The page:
In his recent letter of resignation from Alchemy Partners, co-founder Jon Moulton told the firm’s LPs that he disagreed with the appointment of successor Dominic Slade. While such departures have remained rare in the industry, the likelihood that they may increase amid the ongoing economic difficulties means that firms may want to start thinking about succession plans earlier than they expected.
Moulton’s resignation letter that was leaked earlier this month recommended that Alchemy’s “Investment Plan” fund be liquidated and its portfolio broken up, a potentially messy process as the firm has an unusual funding structure whereby a new pot of capital is raised every year. The move came shortly after the surprise departure of former PAI Partners chief executive Dominique Mégret amid an “internal coup”, which caused the firm to recently offer investors the chance to halve their commitments to its €5.4 billion fifth fund.
Roger Singer, a partner in the fund formation practice of Clifford Chance, predicted following Mégret’s retirement that more firms’ leadership structures may be affected by poor fund performance and a lack of financial incentives that have kept many top people in the past. Such departures could be also be triggered by a loss of confidence by limited partners in a GP, or bad acts by the GP, with investors most likely following one of two possible courses of action, said Michael Harrell, co-chair of the global private funds group of Debevoise & Plimpton.
First, if bad acts cannot be proven quickly, or the LPs wish to take action for reasons other than cause, the LPs often can invoke a “no-fault” provision allowing investors to suspend the investment period, remove the general partner or dissolve the fund, typically by a supermajority LP vote. Second, if a GP has been found to have been engaged in some kind of bad act, such as fraud, gross negligence or willful misconduct, the GP typically can be removed by a majority or sometimes supermajority vote of the LPs.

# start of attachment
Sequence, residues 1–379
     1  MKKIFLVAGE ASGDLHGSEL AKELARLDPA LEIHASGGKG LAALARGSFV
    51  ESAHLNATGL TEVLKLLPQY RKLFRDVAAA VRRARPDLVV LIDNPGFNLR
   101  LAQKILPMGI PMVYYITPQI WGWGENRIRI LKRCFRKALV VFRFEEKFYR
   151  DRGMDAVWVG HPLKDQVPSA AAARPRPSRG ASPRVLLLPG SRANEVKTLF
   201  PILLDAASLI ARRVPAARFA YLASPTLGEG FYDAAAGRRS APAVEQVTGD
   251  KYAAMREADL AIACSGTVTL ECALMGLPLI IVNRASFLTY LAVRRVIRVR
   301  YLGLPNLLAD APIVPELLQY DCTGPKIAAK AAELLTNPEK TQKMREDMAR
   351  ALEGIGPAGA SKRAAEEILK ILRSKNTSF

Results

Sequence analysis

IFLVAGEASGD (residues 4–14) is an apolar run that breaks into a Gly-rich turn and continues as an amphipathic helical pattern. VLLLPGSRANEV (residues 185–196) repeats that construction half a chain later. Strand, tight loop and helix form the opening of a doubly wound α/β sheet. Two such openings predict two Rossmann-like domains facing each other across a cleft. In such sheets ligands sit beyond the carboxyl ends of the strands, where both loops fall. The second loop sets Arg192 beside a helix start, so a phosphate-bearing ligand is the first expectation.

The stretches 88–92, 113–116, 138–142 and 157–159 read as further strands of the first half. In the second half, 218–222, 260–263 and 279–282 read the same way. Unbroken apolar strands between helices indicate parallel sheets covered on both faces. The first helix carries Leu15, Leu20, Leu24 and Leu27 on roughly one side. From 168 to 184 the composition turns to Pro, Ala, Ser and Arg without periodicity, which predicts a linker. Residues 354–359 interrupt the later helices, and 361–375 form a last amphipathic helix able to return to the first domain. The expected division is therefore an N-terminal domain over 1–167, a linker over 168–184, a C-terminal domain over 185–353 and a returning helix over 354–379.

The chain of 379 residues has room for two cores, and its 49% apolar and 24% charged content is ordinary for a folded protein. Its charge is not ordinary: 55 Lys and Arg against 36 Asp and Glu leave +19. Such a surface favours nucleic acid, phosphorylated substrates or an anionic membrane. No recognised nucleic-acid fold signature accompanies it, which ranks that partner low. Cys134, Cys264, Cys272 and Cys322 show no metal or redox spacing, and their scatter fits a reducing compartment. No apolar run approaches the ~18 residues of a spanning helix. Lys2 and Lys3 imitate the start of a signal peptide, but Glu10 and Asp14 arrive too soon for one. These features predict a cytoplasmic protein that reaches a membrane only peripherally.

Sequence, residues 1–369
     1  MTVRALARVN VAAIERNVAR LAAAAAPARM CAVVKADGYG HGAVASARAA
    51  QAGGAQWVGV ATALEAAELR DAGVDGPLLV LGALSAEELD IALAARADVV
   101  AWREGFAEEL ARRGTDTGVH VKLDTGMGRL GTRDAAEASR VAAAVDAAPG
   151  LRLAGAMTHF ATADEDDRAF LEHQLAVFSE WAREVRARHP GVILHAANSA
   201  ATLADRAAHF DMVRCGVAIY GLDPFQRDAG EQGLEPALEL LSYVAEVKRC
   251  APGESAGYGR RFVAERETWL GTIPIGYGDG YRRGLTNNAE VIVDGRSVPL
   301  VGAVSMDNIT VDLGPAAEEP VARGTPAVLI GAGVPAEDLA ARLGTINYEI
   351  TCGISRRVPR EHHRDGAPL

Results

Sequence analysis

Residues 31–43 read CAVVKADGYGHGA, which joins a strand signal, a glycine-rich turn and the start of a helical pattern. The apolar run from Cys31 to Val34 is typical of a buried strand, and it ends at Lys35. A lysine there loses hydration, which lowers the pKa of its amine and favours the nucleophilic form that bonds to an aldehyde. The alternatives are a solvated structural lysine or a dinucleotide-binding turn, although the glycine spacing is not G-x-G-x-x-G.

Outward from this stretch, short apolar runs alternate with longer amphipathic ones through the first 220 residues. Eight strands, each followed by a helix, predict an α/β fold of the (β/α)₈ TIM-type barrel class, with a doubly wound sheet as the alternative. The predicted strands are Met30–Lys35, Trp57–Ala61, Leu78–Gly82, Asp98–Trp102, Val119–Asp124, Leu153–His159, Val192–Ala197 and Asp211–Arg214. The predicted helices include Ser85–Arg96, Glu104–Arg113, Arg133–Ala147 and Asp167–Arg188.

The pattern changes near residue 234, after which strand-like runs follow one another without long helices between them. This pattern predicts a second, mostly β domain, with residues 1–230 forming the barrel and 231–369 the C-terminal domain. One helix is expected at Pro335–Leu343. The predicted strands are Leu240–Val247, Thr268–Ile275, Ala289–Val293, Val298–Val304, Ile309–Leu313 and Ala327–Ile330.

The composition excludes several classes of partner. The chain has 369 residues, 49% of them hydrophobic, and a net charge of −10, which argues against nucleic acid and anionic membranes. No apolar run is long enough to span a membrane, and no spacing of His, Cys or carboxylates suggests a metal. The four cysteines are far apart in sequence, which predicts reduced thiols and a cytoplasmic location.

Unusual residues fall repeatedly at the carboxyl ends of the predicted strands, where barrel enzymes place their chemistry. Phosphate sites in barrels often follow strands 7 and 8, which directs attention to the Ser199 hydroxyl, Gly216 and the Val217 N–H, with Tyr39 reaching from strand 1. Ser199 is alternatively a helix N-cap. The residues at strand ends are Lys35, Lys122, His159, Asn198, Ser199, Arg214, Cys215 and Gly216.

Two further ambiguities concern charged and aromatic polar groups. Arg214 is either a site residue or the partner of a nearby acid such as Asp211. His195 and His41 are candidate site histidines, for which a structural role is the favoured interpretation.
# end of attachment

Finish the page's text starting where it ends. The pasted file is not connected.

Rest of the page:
However, such actions have historically been rare. A more likely scenario remains a key-man provision triggered by a dispute among GPs or the departure of a top executive such as in the recent Mégret retirement.
“Key person provisions are standard. We have seen these provisions being triggered in a few cases recently, in part because the first, pioneering generation of buyout chiefs are reaching retirement age,” Harrell said. “Also, as new funds have come to market over the past several years, we have seen these key-man provisions being modified or loosened up in anticipation of future retirements or because the number of key persons has increased due to the dramatic growth in many PE firms.
Harrell says such considerations mean that general partners should start thinking about issues regarding succession. “Five years before you think someone is going to retire, a PE firm’s principals had better think hard about what the key-man provision in their next fund is going to say,” he said. “You don't want to include Paul Smith, for example, as a key man in the fund you are raising next year if you think he is going to retire in three years. PE firms need to think carefully about succession planning, and that plays into the partnership agreement and LP relationships. At the end of the day, in most cases LPs are entrusting investment decisions to a team, not an institution, so they want to know that the team will be there for the balance of the life of the fund.”
As the recent examples of Moulton and Mégret demonstrate, firm’s may be dealing with these kinds of issues much earlier than they expected.